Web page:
Saturday, September 5, 2015


Executive summary by darmansjah
CORNISH PASTY, Cornwall, UK. In 2011 the EU granted the Cornish pasty – beloved by Brits as an edible lunchbox – Protected Geographical Indication status, declaring it a food of regional importance. Only those slow-baked in Cornwall can bear the title ‘Cornish pasty’, and the ingredients must be chunked potato, swede, onion and at least 12.5% beef; the pastry must be crimped to the side.
ORIGIN Pasties have been eaten since medieval times, and by the 1530s Henry VIII’s third wife, Jane Seymour, was reputedly rather partial to them. Yet it was the less wealthy folk of Cornwall who made pasties their own. By the end of the 18th century, few miners or farmers went to work without one. The ingredients were cheap, the product portable and the crimped ridge lifesaving: a disposable grip for miners working amid high levels of arsenic.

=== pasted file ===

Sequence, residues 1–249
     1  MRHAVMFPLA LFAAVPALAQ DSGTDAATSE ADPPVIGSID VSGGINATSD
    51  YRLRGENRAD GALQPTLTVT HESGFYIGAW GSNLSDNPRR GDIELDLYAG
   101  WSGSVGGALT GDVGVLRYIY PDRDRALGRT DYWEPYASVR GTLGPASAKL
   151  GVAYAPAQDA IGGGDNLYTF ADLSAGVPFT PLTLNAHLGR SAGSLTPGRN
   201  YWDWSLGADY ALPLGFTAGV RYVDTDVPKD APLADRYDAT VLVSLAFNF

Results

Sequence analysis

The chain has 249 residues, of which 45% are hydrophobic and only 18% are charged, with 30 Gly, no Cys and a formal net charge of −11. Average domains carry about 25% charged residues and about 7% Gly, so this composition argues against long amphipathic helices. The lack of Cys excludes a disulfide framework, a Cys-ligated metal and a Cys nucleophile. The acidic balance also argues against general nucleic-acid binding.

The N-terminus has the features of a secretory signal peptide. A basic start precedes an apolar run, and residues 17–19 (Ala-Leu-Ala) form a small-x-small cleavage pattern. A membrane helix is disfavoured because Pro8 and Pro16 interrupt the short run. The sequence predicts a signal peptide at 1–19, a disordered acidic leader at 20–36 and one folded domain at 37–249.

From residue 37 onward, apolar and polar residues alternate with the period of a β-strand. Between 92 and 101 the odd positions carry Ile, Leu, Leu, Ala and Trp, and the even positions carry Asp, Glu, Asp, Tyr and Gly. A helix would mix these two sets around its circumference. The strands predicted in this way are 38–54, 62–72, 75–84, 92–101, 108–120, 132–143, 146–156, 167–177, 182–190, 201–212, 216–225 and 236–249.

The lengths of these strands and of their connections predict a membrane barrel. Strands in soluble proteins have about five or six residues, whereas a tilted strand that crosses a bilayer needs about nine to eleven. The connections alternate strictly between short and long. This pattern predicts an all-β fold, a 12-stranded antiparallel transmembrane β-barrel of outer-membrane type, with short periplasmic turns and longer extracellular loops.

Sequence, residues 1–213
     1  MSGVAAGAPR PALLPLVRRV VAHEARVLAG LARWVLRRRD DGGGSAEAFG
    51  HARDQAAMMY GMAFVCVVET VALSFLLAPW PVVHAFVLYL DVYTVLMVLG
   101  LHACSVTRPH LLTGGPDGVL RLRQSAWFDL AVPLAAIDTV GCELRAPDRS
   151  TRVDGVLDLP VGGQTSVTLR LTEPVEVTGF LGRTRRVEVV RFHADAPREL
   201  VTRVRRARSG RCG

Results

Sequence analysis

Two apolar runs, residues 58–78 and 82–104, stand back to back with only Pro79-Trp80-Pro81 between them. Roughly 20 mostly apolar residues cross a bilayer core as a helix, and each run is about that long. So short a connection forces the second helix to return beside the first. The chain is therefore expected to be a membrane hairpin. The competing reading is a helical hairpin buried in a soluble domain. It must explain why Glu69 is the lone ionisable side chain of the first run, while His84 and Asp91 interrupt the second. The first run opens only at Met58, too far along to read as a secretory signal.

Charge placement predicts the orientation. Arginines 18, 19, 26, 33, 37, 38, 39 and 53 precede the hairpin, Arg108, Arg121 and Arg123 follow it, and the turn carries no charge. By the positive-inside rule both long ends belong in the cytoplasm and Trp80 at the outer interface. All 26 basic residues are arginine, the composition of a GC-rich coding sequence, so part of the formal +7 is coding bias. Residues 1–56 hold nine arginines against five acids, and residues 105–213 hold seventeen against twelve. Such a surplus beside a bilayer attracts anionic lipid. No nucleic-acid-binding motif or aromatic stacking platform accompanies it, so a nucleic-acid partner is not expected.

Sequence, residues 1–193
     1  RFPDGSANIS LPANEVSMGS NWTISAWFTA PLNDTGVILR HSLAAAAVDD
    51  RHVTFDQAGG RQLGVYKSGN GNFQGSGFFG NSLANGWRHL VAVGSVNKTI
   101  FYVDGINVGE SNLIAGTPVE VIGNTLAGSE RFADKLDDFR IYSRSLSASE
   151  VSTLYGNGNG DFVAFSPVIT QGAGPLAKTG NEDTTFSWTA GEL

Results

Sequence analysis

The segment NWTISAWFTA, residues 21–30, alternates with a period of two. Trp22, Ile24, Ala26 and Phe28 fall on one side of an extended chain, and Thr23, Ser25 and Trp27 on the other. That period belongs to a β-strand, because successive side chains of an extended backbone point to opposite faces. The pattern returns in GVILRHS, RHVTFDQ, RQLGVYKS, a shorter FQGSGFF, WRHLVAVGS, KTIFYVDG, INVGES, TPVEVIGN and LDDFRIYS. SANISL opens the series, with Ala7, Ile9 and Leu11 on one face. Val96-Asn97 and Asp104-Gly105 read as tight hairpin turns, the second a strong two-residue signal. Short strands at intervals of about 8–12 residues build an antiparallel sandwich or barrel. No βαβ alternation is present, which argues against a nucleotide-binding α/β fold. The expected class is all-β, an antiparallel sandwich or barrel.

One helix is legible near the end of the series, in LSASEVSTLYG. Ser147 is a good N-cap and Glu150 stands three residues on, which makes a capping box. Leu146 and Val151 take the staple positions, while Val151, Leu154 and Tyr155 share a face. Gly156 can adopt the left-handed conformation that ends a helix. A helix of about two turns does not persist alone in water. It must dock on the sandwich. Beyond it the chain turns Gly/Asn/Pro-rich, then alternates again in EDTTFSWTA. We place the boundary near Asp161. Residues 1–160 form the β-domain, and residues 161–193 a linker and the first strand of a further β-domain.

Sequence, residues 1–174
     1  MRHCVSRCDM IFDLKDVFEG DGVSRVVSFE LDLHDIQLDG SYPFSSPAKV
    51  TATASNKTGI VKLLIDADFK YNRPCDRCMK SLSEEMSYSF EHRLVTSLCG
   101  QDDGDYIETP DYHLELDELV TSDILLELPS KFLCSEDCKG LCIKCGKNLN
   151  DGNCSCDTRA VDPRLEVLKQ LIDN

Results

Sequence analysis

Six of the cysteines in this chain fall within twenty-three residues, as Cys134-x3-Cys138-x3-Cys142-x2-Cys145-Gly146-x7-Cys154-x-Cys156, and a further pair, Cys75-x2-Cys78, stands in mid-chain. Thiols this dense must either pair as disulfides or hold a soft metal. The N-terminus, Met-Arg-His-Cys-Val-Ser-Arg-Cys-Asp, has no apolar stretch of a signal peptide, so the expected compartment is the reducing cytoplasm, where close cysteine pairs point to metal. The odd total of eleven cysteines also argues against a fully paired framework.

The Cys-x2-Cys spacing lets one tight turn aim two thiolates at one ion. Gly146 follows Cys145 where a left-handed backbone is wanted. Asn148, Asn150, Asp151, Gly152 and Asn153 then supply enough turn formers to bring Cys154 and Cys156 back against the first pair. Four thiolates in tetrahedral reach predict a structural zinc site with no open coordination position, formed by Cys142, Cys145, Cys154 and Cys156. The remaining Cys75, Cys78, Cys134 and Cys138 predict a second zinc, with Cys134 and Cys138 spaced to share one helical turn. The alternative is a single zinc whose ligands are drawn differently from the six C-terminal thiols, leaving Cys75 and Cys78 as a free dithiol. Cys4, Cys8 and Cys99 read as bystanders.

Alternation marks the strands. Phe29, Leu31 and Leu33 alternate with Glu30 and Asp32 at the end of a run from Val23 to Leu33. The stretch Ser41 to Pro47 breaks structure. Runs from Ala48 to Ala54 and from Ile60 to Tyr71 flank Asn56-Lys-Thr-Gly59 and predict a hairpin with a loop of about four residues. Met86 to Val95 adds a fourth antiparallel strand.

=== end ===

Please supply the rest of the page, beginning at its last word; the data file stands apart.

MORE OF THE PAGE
TASTING This may not be fancy food, but it’s the most appetizing sort of fuel. The dense filling-lightly seasoned, served hot-is robust and sustaining. Scents of baking waft from many a Cornish shop, and buying a pasty is an unceremonious affair-you’re as likely to find a good one in the village post office as in any artisan deli. Biting into a proper pasty, the pastry tender but firm, with onion slithers jostling tender hunks of beef skirt, is like sinking into a battered old sofa-warm and deliciously comforting. Although pasties never contain fish (it’s thought bad luck), the best place to eat one is by the sea. Stroll along some of Cornwall’s 300 miles of coast-a rollercoaster of cliff tops and coves-and never will a pasty taste better.
Ann’s Famous Pasty Shop, on the Lizard Peninsula in Cornwall, sells pasties in-store and online (US$4.60;
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